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[ISN] FEEDBACK: Expert: Online extortion growing more common
Forwarded from: Harlan Carvey <keydet89@xxxxxxxxx>
> : "Six or seven thousand organizations are paying online extortion
> : demands," Alan Paller said at the SANS Institute's Top 20
> : Vulnerabilities conference in London. "The epidemic of cybercrime
> : is growing. You don't hear much about it because it's extortion,
> : and people feel embarrassed to talk about it."
> If they don't like to talk about it, where does the figure of 6 to
> 7000 come from?
Agreed. And I have to wonder, as well...why isn't the media asking
this question? It's not a biased question at all, to ask where the
numbers come from. In fact, by not asking the question *and* by
referring to Mr. Paller as an expert, isn't that demonstrating bias?
> : "Every online gambling site is paying extortion," Paller asserted.
Note: "asserted". This makes you wonder...how accurate is this
assertion? Does Mr. Paller have inside information?
Look at it this way...if Mr. Paller has some sort of relationship w/
online gambling sites, might they then feel somewhat betrayed (and
exposed) by his making this statement? Wouldn't his professional
reputation with them suffer? Therefore, one should expect that his
assertion is just that...an assertion.
> And if these sites aren't doing that, and they aren't reporting the
> crime then they deserve what they get. Paying off the DDoS crews is
> only encouraging them.
Exactly. One would expect that since $40K greatly exceeds the
Attorney General-mandated threshold of $5K, such things would be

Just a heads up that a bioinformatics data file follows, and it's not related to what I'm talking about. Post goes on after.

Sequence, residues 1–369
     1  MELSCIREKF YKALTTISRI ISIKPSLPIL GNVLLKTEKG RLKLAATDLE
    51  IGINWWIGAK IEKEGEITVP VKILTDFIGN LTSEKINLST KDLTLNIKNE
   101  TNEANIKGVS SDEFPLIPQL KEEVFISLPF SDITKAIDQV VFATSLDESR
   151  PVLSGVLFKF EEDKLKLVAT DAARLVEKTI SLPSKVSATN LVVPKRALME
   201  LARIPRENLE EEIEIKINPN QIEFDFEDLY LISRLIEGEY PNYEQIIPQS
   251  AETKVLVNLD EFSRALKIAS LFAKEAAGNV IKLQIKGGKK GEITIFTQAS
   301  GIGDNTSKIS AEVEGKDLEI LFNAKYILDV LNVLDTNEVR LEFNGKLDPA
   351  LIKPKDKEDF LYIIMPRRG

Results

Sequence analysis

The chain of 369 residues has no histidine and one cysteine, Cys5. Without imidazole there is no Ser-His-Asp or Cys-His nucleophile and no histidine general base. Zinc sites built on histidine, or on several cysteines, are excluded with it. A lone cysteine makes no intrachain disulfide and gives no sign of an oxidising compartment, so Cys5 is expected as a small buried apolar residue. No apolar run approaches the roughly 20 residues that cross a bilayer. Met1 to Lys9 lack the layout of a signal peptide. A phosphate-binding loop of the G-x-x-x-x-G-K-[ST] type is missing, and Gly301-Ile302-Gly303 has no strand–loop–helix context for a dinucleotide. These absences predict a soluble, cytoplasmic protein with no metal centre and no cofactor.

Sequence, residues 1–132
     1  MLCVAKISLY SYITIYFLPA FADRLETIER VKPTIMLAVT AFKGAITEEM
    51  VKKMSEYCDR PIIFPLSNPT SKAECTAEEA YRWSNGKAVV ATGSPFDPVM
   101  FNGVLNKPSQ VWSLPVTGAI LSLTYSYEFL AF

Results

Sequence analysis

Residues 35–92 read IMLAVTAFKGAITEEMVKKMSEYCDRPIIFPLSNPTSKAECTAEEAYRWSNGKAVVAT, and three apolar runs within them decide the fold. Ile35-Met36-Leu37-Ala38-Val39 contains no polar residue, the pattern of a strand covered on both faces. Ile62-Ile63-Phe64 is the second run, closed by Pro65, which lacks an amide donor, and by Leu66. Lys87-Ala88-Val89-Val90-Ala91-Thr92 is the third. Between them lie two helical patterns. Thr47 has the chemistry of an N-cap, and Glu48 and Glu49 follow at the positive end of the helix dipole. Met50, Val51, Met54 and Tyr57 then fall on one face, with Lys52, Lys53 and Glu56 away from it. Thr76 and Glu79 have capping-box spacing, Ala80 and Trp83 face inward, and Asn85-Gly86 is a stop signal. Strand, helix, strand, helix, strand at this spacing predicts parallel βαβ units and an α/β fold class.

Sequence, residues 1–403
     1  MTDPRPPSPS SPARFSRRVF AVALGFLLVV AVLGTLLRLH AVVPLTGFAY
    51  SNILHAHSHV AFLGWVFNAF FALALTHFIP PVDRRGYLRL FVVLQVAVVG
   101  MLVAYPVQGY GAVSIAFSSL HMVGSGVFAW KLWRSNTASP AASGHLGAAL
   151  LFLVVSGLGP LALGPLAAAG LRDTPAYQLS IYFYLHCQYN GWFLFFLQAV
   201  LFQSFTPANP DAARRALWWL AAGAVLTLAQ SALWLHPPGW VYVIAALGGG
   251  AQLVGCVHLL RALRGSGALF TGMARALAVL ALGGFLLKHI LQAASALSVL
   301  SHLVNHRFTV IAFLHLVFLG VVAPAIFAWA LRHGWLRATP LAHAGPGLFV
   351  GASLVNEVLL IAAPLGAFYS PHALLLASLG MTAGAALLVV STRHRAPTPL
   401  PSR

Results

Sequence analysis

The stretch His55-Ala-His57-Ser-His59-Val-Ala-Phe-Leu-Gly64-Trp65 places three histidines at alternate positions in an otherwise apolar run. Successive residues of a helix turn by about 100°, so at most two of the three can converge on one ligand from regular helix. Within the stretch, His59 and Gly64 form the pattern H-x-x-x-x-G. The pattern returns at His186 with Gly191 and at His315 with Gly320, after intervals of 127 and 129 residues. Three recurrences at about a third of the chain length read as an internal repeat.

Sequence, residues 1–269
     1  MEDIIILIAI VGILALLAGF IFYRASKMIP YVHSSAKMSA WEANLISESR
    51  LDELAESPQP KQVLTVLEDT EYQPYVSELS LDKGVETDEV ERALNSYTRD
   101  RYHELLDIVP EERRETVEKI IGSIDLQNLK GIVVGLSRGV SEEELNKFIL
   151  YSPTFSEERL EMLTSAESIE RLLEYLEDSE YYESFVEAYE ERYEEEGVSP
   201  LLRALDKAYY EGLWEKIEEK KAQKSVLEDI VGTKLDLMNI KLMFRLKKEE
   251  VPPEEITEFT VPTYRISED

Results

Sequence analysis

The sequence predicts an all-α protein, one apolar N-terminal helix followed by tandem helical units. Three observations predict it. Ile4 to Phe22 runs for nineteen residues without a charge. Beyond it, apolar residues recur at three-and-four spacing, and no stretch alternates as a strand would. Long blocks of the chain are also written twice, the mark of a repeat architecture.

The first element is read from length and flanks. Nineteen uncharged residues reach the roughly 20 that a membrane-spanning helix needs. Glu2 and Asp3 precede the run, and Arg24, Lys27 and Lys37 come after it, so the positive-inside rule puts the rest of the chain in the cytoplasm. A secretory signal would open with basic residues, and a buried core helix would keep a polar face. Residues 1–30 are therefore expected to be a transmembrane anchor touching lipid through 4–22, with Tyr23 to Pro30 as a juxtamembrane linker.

> If it is that fullproof[sic] of a money making scheme for them, why
> are they going to stop?
True. Excellent question. I have to wonder why the author doesn't
seem to have asked that question.
> : Paller called for tech companies to do better.
Do better at what?? I think it's a fairly pretty belief that most
companies need to do a better job of securing their (information)
assets, but when an "expert" calls for companies to do better,
wouldn't it be a good idea to be a little bit more explicit?
> : He said that security vulnerabilities are vendors'
> : responsibility to fix and that their products should reflect the
> : suggestions associated with the SANS top 20 vulnerabilities
> : list.
I'm not sure that I agree with Mr. Paller...I think that his comment
feeds off of the atmosphere of tranferring responsibility, rather than
accepting it. Security vulnerabilities in products may be the
responsibility of the vendor to fix, but shouldn't those who use the
products understand their strengths and weaknesses, and design their
infrastructure to mitigate the weaknesses as much as possible?
> Uh.. how do the SANS Top 20 vulnerabilities affect or mitigate DDoS
> attacks? The 10 windows and 10 unix are fairly specific, and none of
> them cover protecting against a DDoS attack. This 'news' piece
> quickly becomes a glorified product pitch.
Harlan Carvey, CISSP
"Windows Forensics and Incident Recovery"
"Meddle not in the affairs of dragons, for
you are crunchy, and good with ketchup."
"The simplicity of this game amuses me.
Bring me your finest meats and cheeses."
Open Source Vulnerability Database (OSVDB) Everything is Vulnerable - http://www.osvdb.org/